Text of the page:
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SLOW TRAVEL (OR HOW TO SPEND OUR TIME MORE WISELY)

We have lost our sense of time. We believe that we can add meaning to life by making things go faster. We have an idea that life is short - and that we must go fast to fit everything in. But life is long. The problem is that we don’t know how to spend our time wisely. 

Carlo Petrini, Founder of the Slow Food Movement

Beware The Cult Of Busy. 

It’s hard to get away from always being busy. We each have responsibilities to attend to, things we want to accomplish, content we hope to consume, dreams we wish to realize and a never ending list of practical tasks to get done. We get so used to feeling overwhelmed, the habit becomes hard to break.

Many of us travel to escape our every day, but end up carrying the same frantic energy along with us. This tendency to believe that more is more manifests itself in tourism practices like manic sightseeing, whirlwind itineraries, competitive country counting, and the persistent anxiety of fear-of-missing-out. Being continually busy steals away what makes travel so potentially transformative: connecting with others, developing greater understanding and reflecting on who we are.

An Opportunity To Slow Down.

One of the reasons that travel can be such a powerful lever in terms of personal growth is because it is a great excuse to let the distractions fall away and actually focus our attention. Finally, we can Be. Here. Now.

The philosophy of leading your journey with this intention is often described as slow travel. This approach prioritizes the depth of an experience over the breadth. It is not about an amount of time a trip should take or the pace at which things happens, but a mindset.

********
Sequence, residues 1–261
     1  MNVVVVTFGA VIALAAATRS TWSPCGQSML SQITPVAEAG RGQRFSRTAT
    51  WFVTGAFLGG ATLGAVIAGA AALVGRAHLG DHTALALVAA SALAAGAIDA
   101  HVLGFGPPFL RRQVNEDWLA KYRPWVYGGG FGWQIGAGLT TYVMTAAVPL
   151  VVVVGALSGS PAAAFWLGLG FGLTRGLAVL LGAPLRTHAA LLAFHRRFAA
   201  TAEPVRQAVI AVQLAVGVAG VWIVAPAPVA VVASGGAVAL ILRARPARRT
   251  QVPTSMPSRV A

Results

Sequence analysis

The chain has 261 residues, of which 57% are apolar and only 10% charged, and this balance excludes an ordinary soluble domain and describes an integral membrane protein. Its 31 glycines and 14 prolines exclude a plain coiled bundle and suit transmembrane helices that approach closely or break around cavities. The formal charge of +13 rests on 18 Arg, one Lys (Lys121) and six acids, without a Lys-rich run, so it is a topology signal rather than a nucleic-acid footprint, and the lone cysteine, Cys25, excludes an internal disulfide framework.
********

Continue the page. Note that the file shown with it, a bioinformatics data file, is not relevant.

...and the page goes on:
Instead of arriving with a bloated agenda, let us slip into the rhythm of local life. We choose to allow time to wander about, make connections and contemplate a new environment. Slow travel is rooted in the idea that travel is for learning; about ourselves, about others and about the world around us.

The Method Of Slow Travel

Slow travel can be practiced whether you are taking a weekend getaway or a sabbatical abroad. Whenever you are following your deep curiosity, you are traveling slow. 

Understand The Environment. Before you depart or even during your journey, research the culture (including religion, art, politics, language, economy, customs, history and geography) of your destination. Seek out stories beyond the dominant narrative and you will enrich the context of your experience. 

Meet The People. Leave the path beaten down by tourists and find out what the residents love about their place in the world. Choose accommodations, restaurants and activities that encourage you to develop relationships with the people who live there. Engage in conversations. Ask questions. Listen. 

Be Open To Learning. Every community has brilliance to share. Find the experts, masters and leaders who are willing to teach and spend some time with them. These lessons could come as organized workshops you can look forward to in advance or could appear as informal encounters with an accidental armchair philosopher at a random cafe. Create space for both. 

Schedule Some Free Time. It is exciting to make some plans, but avoid too much of a good thing. Oftentimes the greatest delights are the unexpected ones. Indulge in the luxury of uncommitted hours and be open to whatever adventure awaits.

When we commit to slow travel we accept that we will not see or do everything (as if that were even possible). Instead, we trust that what we do experience will matter. Perhaps if we can learn to travel slow enough, we can begin to travel profoundly. 

Image by Capturing The Human Heart